Heming Willis, who has been married to the actor since 2009 and shares two daughters with him, said it’s important that her husband has his space when out in public.
“Please don’t yell at my husband asking how he is,” she said. “Allow our family or whoever is with him that day to be able to get him from point A to point B safely.”
Willis’ family announced last month that the 67-year-old had been diagnosed with frontotemporal dementia, or FTD. The announcement came about a year after he retired from acting, citing a communication disorder known as aphasia, which had since progressed. There is no treatment or cure for FTD, which mainly affects people between the ages of 40 and 60.
Heming Willis said her husband had recently been harassed by photographers seeking to capture images of the star as he met friends for coffee. She thanked Willis’ friends for doing “lifelong protective work” and explained how “stressful and difficult” it can be for loved ones and caregivers to help those with the disease navigate the world.
“Any tips or advice on how to get your loved ones out into the world safely?” asked Heming Willis. In the comments, many praised his honesty and attempt to raise awareness about the disease.
Bruce Willis has frontotemporal dementia: what are the symptoms of FTD?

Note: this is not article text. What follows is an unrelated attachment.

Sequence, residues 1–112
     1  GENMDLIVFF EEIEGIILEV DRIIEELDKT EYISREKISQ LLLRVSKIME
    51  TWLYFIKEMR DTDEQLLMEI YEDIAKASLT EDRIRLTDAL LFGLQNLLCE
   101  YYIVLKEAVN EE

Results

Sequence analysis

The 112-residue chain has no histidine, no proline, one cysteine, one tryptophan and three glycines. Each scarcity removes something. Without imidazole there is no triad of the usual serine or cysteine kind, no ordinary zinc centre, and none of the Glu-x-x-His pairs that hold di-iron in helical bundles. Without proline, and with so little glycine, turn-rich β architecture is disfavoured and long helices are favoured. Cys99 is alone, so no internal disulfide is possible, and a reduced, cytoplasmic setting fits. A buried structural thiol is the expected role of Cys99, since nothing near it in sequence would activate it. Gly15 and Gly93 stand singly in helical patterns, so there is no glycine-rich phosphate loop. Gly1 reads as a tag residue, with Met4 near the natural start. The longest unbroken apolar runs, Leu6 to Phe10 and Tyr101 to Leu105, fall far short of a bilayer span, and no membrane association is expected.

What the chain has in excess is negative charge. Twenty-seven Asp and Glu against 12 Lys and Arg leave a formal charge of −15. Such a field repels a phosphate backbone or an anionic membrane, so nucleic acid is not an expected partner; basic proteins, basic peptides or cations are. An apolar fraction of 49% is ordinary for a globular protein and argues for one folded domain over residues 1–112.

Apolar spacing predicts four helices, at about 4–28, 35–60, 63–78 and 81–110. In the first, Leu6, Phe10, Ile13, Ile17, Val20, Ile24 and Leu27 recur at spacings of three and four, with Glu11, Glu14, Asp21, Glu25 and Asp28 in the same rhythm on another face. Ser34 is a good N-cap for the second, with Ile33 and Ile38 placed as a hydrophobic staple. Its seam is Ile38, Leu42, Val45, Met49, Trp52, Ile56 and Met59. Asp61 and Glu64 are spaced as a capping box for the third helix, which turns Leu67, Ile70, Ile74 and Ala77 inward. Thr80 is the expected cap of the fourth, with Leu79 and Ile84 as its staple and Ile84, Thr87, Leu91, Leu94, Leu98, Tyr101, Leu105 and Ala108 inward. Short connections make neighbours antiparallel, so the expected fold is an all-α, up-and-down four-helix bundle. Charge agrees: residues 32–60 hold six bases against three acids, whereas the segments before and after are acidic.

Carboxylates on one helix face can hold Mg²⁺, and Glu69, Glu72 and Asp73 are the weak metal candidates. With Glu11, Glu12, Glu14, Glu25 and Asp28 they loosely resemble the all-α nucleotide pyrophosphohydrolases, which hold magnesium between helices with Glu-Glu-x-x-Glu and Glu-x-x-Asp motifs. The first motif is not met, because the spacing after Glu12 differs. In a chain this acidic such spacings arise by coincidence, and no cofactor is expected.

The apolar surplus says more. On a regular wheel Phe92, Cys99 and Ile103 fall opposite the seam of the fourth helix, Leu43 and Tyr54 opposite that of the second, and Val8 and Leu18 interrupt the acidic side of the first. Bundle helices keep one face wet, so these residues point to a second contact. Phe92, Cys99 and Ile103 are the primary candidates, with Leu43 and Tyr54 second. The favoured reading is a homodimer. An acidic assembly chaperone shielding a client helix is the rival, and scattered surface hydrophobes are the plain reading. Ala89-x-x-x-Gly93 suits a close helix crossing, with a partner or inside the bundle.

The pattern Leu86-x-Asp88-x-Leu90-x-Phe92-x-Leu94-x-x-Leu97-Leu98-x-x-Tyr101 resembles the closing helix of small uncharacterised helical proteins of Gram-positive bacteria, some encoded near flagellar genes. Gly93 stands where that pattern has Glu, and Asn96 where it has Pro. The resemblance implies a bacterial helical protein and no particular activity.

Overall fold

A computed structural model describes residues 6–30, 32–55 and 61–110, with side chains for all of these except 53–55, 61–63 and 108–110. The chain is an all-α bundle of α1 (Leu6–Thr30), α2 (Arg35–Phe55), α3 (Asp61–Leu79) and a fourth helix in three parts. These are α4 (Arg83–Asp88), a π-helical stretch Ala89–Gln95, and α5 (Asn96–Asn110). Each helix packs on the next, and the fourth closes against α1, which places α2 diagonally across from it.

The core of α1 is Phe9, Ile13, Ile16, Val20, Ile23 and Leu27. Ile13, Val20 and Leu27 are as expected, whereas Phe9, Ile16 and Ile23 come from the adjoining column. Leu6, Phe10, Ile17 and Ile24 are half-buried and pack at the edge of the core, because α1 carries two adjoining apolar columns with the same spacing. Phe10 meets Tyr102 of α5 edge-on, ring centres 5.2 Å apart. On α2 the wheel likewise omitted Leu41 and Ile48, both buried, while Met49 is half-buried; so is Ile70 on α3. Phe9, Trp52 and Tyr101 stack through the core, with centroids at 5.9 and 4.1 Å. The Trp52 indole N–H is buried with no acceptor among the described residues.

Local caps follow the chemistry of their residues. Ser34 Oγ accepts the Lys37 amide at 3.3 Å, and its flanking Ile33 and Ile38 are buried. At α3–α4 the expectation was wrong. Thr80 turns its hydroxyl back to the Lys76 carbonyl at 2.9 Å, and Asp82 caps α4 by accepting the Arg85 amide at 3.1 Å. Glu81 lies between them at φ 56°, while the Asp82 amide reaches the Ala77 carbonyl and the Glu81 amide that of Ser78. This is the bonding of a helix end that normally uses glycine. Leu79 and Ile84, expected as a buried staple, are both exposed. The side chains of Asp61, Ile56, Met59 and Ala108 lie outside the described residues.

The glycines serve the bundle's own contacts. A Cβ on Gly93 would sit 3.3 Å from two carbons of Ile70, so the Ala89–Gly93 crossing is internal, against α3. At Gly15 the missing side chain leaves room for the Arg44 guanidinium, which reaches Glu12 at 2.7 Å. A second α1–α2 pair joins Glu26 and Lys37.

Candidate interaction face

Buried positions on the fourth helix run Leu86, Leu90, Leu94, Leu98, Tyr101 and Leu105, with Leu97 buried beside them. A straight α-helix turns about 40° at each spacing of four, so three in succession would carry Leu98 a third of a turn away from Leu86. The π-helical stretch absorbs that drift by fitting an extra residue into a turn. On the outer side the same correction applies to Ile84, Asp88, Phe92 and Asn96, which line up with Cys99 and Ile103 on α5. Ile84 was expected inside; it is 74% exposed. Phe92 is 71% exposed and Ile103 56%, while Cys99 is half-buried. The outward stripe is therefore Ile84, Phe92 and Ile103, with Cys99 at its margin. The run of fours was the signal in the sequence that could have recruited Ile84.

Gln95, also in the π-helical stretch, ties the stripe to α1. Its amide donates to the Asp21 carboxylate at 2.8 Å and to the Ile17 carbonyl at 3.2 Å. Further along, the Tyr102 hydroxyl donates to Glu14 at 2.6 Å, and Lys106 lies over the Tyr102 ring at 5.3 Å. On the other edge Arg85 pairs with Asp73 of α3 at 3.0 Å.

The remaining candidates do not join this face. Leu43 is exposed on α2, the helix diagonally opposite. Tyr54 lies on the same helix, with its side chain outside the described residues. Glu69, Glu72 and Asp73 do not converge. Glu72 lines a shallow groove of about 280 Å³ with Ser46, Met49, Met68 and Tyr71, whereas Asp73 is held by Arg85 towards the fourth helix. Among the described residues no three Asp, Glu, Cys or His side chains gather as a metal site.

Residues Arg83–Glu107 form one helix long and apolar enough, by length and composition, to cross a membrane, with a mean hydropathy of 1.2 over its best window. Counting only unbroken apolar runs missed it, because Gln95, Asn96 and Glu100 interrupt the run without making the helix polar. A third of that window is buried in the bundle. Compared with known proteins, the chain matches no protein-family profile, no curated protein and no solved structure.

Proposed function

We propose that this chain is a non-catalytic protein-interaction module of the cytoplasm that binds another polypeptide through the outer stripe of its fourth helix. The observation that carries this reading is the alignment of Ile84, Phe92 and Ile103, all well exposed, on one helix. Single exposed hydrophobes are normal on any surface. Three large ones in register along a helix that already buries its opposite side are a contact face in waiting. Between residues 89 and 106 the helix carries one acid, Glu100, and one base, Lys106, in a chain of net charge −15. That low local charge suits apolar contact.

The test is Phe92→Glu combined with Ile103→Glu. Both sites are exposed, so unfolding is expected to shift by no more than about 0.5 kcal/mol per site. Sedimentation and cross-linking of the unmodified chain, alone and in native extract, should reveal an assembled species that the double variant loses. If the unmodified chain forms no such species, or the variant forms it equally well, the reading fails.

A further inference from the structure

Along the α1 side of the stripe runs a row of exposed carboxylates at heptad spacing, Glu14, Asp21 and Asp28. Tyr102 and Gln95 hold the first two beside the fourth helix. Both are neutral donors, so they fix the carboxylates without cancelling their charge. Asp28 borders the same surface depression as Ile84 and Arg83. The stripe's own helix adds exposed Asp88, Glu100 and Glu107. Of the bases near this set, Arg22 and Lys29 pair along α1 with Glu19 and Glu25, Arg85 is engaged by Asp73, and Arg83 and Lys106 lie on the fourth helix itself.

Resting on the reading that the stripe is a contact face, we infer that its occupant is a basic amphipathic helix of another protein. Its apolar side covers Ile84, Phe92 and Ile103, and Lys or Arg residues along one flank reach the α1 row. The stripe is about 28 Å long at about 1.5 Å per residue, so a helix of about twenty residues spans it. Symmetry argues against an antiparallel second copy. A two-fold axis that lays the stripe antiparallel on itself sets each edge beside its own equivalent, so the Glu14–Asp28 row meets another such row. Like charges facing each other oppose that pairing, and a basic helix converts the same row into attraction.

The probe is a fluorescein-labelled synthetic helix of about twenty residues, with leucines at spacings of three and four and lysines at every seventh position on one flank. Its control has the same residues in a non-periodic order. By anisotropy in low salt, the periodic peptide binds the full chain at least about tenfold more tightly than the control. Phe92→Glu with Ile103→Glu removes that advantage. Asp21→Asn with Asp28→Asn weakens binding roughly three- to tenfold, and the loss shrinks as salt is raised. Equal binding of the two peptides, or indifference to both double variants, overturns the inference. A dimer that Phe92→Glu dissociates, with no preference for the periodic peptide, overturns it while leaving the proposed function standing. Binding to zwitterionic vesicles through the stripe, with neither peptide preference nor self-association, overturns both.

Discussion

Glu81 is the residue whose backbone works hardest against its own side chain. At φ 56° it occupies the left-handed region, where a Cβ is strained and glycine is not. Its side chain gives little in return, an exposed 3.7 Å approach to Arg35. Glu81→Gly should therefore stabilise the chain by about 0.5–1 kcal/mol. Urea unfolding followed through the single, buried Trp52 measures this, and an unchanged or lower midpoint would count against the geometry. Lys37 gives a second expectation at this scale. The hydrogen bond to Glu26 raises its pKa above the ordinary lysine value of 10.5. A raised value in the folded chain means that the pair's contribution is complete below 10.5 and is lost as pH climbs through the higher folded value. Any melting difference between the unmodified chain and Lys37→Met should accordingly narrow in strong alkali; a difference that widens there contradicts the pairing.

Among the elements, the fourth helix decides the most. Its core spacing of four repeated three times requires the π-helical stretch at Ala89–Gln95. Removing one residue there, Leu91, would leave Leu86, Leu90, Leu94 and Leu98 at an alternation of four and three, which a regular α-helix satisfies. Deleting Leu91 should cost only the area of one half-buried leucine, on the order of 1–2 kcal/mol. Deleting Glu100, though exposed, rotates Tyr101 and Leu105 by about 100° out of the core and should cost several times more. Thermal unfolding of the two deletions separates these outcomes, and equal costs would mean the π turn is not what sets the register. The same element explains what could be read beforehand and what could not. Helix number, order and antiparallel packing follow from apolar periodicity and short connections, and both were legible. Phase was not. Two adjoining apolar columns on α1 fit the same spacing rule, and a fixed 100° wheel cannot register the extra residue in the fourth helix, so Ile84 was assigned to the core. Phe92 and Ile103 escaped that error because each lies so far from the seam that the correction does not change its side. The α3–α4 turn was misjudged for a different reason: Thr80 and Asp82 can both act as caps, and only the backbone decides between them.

Neurologists say people with FTD may need extra support with daily activities as the disease progresses. Patients may also need help with physical safety and communication.
Symptoms of FTD can include changes in behavior, speech or movement, experts said. Patients can suffer from aphasia like Willis, which can cause them to have trouble understanding or producing language.
The actor’s family said in February that he was facing communication issues, among many other symptoms of the disease. “While it is painful, it is a relief to finally have a clear diagnosis,” read the statement released by Heming Willis, his ex-wife Demi Moore and his five daughters.
The family said the public’s “compassion, understanding and respect” will help them help Willis live “as full a life as possible.”
Richard Sima, Kelyn Soong, Caitlin Gilbert and Marlene Cimons contributed to this report.